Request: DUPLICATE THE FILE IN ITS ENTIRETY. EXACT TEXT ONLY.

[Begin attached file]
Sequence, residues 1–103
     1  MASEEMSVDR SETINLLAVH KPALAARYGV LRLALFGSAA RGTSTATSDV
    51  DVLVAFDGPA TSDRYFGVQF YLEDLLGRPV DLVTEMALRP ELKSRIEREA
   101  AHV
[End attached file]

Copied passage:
Sequence, residues 1–103
     1  MASEEMSVDR SETINLLAVH KPALAARYGV LRLALFGSAA RGTSTATSDV
    51  DVLVAFDGPA TSDRYFGVQF YLEDLLGRPV DLVTEMALRP ELKSRIEREA
   101  AHV